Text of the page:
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The · Psychohistorian


Anatomy of a restructuring

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With Chrysler finally in bankruptcy, the spotlight in the auto industry shifts to GM. And with the government using the Chrysler creditors as a scapegoat, the spotlight is now squarely on the GM creditors.

Evidently the GM creditors realize this. The GM creditors' committee recently provided a counteroffer to the government's restructuring plan. I thought it would be interesting to see how the two plans stack up, so here they are in a nutshell. The numbers are from news articles, not from filings, so they are approximate:

Government plan:
1% of equity is retained by the current shareholders
39% of equity to the UAW union in lieu of $10 Billion owed the health care plan
10% of equity to bondholders in exchange for $24 Billion debt forgiveness
50% of equity to the government in exchange for about $10 Billion debt forgiveness

Creditors' plan:
1% of equity is retained by the current shareholders
41% of equity to the UAW union in lieu of $10 Billion owed the health care plan
51% of equity to bondholders in exchange for $27 Billion debt forgiveness
government doesn't have to forgive any debt

If the government is really just looking for a fair deal for everyone and don't want to be in the business of owning companies, as Obama claims, then they really have no excuse for rejecting the creditors' plan: it's just as fair to the union, and the government doesn't need to forgive any debt. The difference between $37 Billion and $44 Billion in total debt forgiveness is not going to make or break the deal, given that GM's total debt is around $180 Billion.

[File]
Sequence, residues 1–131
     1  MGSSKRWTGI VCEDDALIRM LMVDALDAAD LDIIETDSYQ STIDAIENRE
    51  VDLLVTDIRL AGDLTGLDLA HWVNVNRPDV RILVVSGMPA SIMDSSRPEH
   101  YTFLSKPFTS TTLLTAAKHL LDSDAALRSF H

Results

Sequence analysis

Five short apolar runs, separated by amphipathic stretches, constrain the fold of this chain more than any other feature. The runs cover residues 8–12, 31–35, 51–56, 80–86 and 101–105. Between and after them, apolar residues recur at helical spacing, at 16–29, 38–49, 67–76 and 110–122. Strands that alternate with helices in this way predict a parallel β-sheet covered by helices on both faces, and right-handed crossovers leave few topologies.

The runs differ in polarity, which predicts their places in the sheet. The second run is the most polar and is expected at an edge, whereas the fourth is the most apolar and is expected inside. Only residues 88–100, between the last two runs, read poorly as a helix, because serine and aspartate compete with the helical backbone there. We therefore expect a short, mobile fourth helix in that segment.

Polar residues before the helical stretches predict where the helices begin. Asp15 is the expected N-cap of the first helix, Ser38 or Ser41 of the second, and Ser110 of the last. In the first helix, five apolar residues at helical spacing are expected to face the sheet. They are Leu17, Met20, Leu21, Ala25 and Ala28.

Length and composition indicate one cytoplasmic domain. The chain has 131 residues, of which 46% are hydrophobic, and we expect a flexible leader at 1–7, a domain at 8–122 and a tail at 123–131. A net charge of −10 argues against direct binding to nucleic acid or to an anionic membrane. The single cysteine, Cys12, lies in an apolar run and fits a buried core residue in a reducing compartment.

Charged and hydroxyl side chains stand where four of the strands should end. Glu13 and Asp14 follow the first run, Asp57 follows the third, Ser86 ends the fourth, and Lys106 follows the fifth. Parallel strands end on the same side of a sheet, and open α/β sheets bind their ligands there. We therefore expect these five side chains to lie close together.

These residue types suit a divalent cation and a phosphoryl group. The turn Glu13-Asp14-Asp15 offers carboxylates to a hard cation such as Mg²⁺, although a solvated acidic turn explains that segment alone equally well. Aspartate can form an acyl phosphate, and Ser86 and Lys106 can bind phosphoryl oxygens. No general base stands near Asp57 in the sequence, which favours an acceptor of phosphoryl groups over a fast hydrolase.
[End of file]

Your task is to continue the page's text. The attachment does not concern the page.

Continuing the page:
On the other hand, if the government really sees this as more of a political football than an investment, the administration may feel it is worth losing a few billion taxpayer dollars to avoid potential accusations of "caving in to bondholders". In this case, we can expect the government to ignore the bondholders.

It will be interesting to see how the government responds to the bondholders' plan.

Article on the GM bondholder counterproposal:
http://online.wsj.com/article/SB124105121817871157.html

Articles on the government pressuring secured Chrysler creditors to accept a worse deal than unsecured creditors:
http://www.nytimes.com/2009/05/01/business/01hedge.html
http://voices.washingtonpost.com/economy-watch/2009/04/holdouts_on_chrysler_deal_say.html?hpid=topnews
http://seekingalpha.com/article/134773-fascinating-showdown-ahead-for-u-s-chrysler-and-fiat
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On May 4th, 2009 11:10 am (UTC), greyautumnrain commented:
I find the telling thing about this is that in the government plan, the bond holders get 0.42% of equity per billion $ of debt relief, but the government gets 5% equity per billion $ of debt relief. Doesn't sound very fair to me.
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On May 6th, 2009 04:52 pm (UTC), psychohist commented:
... and speaking of the Chrysler bankruptcy
The most recent news on the Chrysler bankruptcy is that the government is going to forgive Chrysler's debt to the government in exchange for post-bankruptcy equity. Of course they have to forgive the $4 Billion loaned last year that was supposed to keep Chrysler out of bankruptcy; that money predictably failed to achieve its purpose, and ends up like other unsecured prebankruptcy debt. (The government may be pressuring for a sweetheart deal on their equity share there at the cost of the secured debt holders, but that's another story.)

However, the government is also going to forgive $3 Billion of debtor in possession financing that Chrysler hasn't even used yet. Normally, debtor in possession financing is the most senior debt, since it happens after the bankruptcy, and it's expected to be paid off by the reorganized company. Why even call it "financing" when you're going to forgive it immediately? Just call it what it is: a government grant.

Of course there's also the $6 Billion in loans after reorganization that won't be forgiven until later. That's being provided by the government so that Fiat won't have to pay any cash for their 20% stake in the reorganized company. 'Cause you know, the expert management that got Fiat into its current shaky state can pull Chrysler out of its hole, no problem!
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